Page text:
Marianne Moore was a passionate reviser…
From The Nation:
Moore was born near St. Louis, Missouri, in 1887. Her parents separated before her birth, and subsequently her father, already institutionalized, severed his hand, taking literally the injunction of Matthew 5:30 (“If thy right hand offend thee, cut it off”). To her mother and her brother Warner, who became a Presbyterian minister, Moore remained fiercely, sometimes pathologically close. Though she attended Bryn Mawr College, became a suffragette, moved to a tiny Greenwich Village apartment in 1918, and edited the legendary magazine The Dial from 1925 until its demise in 1929 (an achievement that would ensure our interest in Moore even if she had written no poems), she lived with her mother until her mother’s death in 1947. It’s hard to imagine Marianne Moore sharing a bed with her mother while also composing her fiercely syntax-driven poems—poems in which domestic relations often seem pointedly nightmarish: “the spiked hand / that has affection for one / and proves it to the bone, / impatient to assure you / that impatience is the mark of independence / not of bondage.”
Moore began publishing these poems around 1915, and immediately they were noticed by the poets who became her peers—Pound, Eliot, Stevens, H.D., Williams—poets who would each write admiring essays about her work. Yet Moore remained mysterious. “Does your stuff ‘appear’ in America?” asked Pound after first encountering her poems in England. “Dear Mr. Pound,” replied Moore, “I do not appear.” In 1921, H.D. helped to arrange the appearance of a small collection, called Poems, but Moore was neither involved with the publication nor pleased with the results. She held out as long as she could, finally publishing her first book, Observations, with the Dial Press in 1924; a slightly revised second edition appeared the following year. Though Moore would continue to write superb poems throughout her long life (she died in 1972), she would never surpass the achievement of Observations, which is not merely a collection of discrete poems but a poetic omniverse of Whitmanian proportions.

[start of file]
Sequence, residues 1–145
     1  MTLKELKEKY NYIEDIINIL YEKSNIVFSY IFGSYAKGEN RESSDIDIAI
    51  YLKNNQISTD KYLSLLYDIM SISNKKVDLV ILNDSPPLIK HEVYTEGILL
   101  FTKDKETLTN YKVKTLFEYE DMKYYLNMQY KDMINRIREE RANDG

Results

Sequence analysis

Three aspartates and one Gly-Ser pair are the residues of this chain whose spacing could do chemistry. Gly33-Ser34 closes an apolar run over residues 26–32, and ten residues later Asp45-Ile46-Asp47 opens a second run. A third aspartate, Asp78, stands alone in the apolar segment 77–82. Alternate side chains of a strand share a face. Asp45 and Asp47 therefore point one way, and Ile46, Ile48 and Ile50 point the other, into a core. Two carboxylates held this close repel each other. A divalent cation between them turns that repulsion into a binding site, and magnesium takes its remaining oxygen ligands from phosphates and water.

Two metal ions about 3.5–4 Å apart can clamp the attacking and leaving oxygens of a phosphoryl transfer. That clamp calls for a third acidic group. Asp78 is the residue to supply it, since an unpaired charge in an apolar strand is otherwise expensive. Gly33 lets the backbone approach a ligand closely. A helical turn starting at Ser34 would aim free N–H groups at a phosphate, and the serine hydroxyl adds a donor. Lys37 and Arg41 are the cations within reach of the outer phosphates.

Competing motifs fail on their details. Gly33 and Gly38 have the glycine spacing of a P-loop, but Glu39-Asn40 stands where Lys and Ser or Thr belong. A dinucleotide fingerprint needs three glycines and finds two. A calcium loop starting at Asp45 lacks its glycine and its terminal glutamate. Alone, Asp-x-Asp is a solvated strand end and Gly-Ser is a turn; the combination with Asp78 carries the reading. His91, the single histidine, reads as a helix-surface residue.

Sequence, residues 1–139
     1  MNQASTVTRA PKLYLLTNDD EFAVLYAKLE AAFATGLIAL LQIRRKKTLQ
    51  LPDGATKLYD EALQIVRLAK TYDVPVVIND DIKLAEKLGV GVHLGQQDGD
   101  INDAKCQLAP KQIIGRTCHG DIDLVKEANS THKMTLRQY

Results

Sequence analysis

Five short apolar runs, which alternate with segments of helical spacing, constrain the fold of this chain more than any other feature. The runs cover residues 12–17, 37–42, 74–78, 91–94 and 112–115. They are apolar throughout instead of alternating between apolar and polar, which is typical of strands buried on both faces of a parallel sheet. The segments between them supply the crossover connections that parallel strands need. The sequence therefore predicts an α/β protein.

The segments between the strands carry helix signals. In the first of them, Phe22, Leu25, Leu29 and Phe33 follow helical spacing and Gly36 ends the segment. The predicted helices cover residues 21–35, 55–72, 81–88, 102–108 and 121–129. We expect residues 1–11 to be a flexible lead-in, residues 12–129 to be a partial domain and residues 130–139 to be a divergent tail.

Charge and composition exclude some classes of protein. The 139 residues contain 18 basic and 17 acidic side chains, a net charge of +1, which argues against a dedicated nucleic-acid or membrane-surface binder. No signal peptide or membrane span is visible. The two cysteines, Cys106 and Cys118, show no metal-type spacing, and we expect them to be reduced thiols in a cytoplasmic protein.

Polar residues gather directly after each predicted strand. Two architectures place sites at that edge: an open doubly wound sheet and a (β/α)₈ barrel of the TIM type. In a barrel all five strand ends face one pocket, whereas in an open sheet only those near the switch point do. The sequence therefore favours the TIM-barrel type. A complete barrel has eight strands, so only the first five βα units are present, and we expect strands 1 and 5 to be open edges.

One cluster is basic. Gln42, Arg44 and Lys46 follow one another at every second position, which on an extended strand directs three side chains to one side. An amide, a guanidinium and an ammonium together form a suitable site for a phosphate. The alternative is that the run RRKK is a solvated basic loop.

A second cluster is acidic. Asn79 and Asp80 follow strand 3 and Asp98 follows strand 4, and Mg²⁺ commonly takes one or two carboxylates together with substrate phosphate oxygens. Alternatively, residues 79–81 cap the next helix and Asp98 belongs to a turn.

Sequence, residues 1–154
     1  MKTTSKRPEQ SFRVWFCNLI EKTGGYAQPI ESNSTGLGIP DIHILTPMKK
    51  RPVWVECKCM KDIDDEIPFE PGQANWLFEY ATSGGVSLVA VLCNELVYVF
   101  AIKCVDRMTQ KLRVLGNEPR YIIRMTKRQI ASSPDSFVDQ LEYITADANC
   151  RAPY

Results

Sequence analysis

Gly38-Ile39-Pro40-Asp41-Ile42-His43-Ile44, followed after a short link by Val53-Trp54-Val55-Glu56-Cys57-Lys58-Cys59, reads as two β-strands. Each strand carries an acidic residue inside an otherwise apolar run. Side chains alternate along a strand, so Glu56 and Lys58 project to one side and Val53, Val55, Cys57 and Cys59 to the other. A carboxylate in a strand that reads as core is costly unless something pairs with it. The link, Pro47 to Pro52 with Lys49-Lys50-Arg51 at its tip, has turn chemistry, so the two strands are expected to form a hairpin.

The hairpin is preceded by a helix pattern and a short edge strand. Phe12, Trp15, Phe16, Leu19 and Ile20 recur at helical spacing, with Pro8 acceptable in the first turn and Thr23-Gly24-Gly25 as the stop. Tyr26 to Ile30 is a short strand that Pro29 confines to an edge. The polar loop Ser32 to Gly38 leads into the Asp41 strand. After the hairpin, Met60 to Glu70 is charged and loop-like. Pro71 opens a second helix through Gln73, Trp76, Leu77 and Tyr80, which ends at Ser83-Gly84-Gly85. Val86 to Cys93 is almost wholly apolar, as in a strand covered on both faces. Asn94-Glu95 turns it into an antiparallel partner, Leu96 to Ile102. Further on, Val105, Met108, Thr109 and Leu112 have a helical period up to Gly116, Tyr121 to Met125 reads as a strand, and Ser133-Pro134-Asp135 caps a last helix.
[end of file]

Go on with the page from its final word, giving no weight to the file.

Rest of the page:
Moore was a passionate reviser. Prior to being collected in Observations, her poems appeared in little magazines in sometimes drastically different versions, and she continued to revise them for decades to come. Reading a poem from the 1920s in her 1967 Complete Poems, often one is in fact reading a poem from 1935 or 1951; this conundrum was wildly exacerbated by the recent Poems, which reprints (in the words of the volume’s editor, Moore’s friend Grace Schulman) “versions [of the poems] that I liked.” In addition, because Moore’s various selected and collected editions rearrange and omit some of the poems of Observations, the design of this volume has largely been obscured. A facsimile edition appeared in 2002 (Becoming Marianne Moore: The Early Poems, 1907–1924, meticulously edited by Robin Schulze), but it is only now that Moore’s Observations has finally been reprinted as a book that devoted readers might hold in their hands.